IPv6 Security Issues – Concerns for Transition
IPv6 is coming. It is inevitable. In case you are not quite aware about IPv6, let us first present some basic stuff.
Internet makes use of IP addresses to identify different machines and devices connected to it. Every machine or device is assigned a unique IP address for its identification on the network. The present system IPv4 is based upon 32 bit IP Addressing, which allows us to address a whopping 4.3 billion devices uniquely. But with the explosive growth of technology, this huge number is also getting exhausted.
And next level of IP Addressing has been developed, which is based upon 128 bits and is termed as IPv6. It extends the space to 3.4 x 1038 addresses, which is expected to serve us for the long time to come.
Great. But this post is specific to discuss some of the security issues and concerns, which are to be addresses during this transition to IPv6 addressing system as given below. For the sake of convenience, we have divided them into two categories – General Issues and Technical Issues.
General Security Issues in IPv6:
- Large space means more places to hide: The present IPv4 system allows security researchers and vendors to scan the IP space for possible attackers and vulnerabilities. With the spread of IPv6, virtually unlimited space will be available for the attackers to hide and do the damage. Finding them and countering their threats is going to be a nightmare for the security people, at least during the transition period.
- Upgradation of Security Infrastructure: The transition from IPv4 to IPv6 will require massive change of technology. It would need lots of infrastructure, both in terms of hardware and software to be upgraded. Some of the organizations may lack the initiative and motivation to fund the bills and efforts required.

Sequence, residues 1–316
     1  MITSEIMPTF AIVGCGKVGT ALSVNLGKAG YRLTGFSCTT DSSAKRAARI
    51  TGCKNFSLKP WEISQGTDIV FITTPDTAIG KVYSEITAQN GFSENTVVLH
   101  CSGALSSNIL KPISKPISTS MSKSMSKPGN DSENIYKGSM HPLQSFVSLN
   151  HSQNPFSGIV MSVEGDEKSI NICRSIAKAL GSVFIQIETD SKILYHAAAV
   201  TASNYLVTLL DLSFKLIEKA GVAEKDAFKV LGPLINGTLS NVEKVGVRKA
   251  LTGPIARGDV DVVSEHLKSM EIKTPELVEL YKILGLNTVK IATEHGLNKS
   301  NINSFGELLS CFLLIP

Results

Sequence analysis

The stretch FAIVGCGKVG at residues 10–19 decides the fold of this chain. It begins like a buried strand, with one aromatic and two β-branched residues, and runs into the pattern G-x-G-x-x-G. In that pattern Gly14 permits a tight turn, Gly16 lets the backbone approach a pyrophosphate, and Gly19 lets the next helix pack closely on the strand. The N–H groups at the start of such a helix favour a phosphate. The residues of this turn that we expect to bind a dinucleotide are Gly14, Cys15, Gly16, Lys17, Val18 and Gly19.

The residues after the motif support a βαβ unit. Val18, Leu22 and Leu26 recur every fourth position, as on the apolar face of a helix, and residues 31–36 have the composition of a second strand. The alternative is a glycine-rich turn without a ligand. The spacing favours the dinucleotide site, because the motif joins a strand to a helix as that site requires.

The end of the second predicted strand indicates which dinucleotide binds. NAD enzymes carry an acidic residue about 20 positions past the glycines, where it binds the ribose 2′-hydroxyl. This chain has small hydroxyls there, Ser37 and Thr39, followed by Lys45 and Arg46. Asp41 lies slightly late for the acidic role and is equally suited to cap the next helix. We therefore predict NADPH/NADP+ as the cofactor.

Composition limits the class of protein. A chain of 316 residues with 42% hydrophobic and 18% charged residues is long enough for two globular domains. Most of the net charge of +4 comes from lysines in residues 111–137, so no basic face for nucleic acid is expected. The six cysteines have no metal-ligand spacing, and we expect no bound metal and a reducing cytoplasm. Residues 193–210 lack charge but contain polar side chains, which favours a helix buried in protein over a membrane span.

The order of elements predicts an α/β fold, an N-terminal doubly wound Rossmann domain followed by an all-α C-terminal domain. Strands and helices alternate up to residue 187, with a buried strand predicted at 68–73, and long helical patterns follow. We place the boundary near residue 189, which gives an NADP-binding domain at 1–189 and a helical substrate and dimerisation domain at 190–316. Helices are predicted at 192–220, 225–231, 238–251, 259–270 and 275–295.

- Unawareness about the Threats: At least during the transition phase, many organizations may not be fully seized of the threats and vulnerabilities, which the changed architecture may bring in. Even if they are willing to plug-in the holes and vulnerabilities, it will take some time before they discover, what exactly is to be done for the secured transition from IPv4 to IPv6. By the time they get aware and take corrective steps, the damage might have already been done.
Technical Security Issues in IPv6:
- Dual Stacking: As has already been noted, it will take time for the organizations to transit from IPv4 to IPv6. And this is a fact that IPv4 systems and IPv6 systems are not compatible. So, during this transition period, many protocols are to be duplicated. Even the security protocols are to get duplicated to cater for both types of networks. This increases the chances of errors and cause security vulnerabilities.
- Tunneling Protocols: It is being contemplated to use the tunneling protocols during the transition period from IPv4 to IPv6. Tunneling protocols allow the encapsulation of IPv6 traffic in an IPv4 data stream for routing through non-compliant devices. This may allow the attackers to take advantage of the vulnerabilities and cause problems in your network.
- Security Issues of Mobility: Mobility is a totally new feature of IPv6 that was not available in its predecessor. Mobility is a very complex function that raises a considerable amount of concern when considering security. Mobility uses two types of addresses, the real address and the mobile address. The first is a typical IPv6 address contained in an extension header. The second is a temporary address contained in the IP header. Because of the characteristics of this networks (something more complicated if we consider wireless mobility), the temporary component of a mobile node address could be exposed to spoofing attacks on the home agent.
- Auto-configration Feature: The auto-configuration feature of IPv6 allows devices to configure their IP address automatically and find out if the same if being duplicated elsewhere or not. This extends a lot of convenience to the network administrator but at the same time increases the inherent risks manifold. Because now the primary control of the network administrator to allow or disallow devices are weakened. It will be easy for malicious devices to latch on the network and create create vulnerabilities.
For more information on IPv6, visit http://www.ipv6actnow.org/.